Jukuja Dolly Snell's work 'Kurtal' has been selected as the overall winner from more than 290 entries and 65 finalists at the National Aboriginal and Torres Strait Islander Art Award at the Museum and Art Gallery of the Northern Territory in Darwin, Northern Territory, on Friday.
The artist, who is aged in her 80s, has been painting since the mid-1980s. She first exhibited in 1991, and held her first solo show in Darwin last year.
Jukuja Dolly told NITV News she was delighted to win the country's most prestigious Indigenous art prize.
"I'm very proud that I have won the Telstra Art Award with Kurtal. That's my country, the Great Sandy Desert," she said through interpreter Lynley Nargoodah.
A powerful painting, using strong and vibrant colour, 'Kurtal' depicts the spirits and stories of Jukuja Dolly's country.
"I'm very proud that I have won the Telstra Art Award with Kurtal. That's my country, the Great Sandy Desert"
Cara Pinchbeck, the curator of Aboriginal and Torres Strait Islander Art at the Art Gallery of New South Wales, said the panel of three judges all loved her work.
“We were really drawn to it and it’s a simple composition in many ways but an amazing sense of translucency and luminosity that comes through the work,” Ms Pinchbeck said.
“There’s just something that pulls you towards the work and does draw your attention, and it’s an amazing, amazing painting by an artist that has been working for so long and great to see her achieve this award.”
Marcus Schutenko, the director of the Museum and Art Gallery of the Northern Territory, congratulated Jukuja on her win.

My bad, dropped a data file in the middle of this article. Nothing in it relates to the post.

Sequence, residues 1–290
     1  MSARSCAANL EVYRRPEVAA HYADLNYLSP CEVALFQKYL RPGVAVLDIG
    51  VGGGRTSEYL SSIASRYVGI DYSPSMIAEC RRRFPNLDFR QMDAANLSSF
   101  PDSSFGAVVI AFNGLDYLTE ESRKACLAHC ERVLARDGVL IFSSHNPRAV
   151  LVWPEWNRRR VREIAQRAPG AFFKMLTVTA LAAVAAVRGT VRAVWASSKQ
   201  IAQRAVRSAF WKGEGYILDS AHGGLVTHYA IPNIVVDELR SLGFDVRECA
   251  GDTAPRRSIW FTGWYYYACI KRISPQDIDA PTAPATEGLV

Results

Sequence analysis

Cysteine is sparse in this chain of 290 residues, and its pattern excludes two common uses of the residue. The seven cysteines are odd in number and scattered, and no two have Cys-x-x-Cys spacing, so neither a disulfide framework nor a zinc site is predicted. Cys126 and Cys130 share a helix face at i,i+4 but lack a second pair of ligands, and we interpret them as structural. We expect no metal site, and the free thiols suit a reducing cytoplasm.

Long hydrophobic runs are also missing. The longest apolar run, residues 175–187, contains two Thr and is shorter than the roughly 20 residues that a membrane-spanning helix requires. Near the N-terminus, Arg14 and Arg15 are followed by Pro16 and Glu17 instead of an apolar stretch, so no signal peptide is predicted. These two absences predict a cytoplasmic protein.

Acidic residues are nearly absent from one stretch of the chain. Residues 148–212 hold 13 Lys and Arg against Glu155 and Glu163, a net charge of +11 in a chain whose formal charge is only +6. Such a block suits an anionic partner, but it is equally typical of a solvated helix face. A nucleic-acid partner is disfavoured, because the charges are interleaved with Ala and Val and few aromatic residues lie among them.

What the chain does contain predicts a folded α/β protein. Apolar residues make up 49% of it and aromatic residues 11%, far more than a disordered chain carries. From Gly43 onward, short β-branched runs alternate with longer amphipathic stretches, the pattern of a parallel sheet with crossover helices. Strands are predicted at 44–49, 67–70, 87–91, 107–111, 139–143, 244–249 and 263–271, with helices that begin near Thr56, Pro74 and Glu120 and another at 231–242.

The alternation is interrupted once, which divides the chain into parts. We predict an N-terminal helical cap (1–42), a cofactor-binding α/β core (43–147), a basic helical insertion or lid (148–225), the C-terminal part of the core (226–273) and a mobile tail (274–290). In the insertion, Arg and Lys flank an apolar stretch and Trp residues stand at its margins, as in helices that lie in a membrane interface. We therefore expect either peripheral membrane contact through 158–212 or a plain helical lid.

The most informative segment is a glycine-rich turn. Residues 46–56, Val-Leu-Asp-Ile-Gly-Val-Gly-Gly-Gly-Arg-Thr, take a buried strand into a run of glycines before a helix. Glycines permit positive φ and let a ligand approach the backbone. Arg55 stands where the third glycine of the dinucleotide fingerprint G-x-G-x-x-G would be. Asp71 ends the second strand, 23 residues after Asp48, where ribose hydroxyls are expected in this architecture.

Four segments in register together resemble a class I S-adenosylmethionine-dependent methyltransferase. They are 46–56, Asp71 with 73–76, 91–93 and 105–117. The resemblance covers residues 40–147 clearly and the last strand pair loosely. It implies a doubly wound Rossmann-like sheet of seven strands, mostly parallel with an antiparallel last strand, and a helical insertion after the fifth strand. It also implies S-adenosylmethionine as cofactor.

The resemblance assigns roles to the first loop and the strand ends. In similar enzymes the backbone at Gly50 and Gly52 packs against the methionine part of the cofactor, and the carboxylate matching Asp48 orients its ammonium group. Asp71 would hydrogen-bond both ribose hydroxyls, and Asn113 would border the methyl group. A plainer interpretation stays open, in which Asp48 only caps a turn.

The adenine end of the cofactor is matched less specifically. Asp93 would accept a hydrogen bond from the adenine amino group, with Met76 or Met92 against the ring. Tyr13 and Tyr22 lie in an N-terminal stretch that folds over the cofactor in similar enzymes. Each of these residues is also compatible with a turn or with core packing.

“It’s such a confident piece,” Mr Schutenko said. “If you read the story behind Jujuka’s work I think a lot of people will be stopping, looking, contemplating, and it’ll make it an even richer experience once you understand the story behind it.”
Jukuja will receive $50,000 in prize money.
Five other artists were also recognised at the awards, which were presented at a ceremony on Larrakia country in Darwin.
The Mimili community in South Australia's APY Lands boasted two winners with Betty Kuniwa Pumani winning the General Painting Award for her work 'Antara’ (Maku Dreaming). Robert Fielding was recognised for his multi-layered "Milkali Kutju" which means 'One Blood' in Pitjantjatjara language.
(Interactive map of where artists are based courtesty of Caddie Brain, Museum and Art Gallery of the Northern Territory)
“It’s an interpretation of we, as people, only look at one another,” said Mr Fielding. “We only look at each other in whatever form. So what’s below the flesh is, you know, one blood. We all bleed and breath and die the same.”
Twenty-three-year-old Josh Muir won the Youth Award for his digital print, which depicts the history of Buninyong, a town located just outside of Ballarat.
“It’s speaking about the impact of European settlers in the Gold Rush era and the Aboriginal people that were living in that area,” said Mr Muir. “It sort of covers the totems of Buninyong, the crow, Bungil the creator, and the reconciliation that we can hopefully work towards.”
Nonggirrnga Marawili from the Arnhem Land community of Yirrkala in the Northern Territory won the Bark Painting Award for her work 'Lightening in the Rock'.
Rhonda Sharpe from the Larapinta Town Camp in Alice Springs won the Wandjuk Marika Memorial Three Dimensional Award for her sculpture, 'Rhonda', which incorporated wool, cotton and feathers.
The 32nd National Aboriginal and Torres Strait Islander Art Exhibition at the Museum and Art Gallery of the Northern Territory will continue until Sunday 1 November 2015.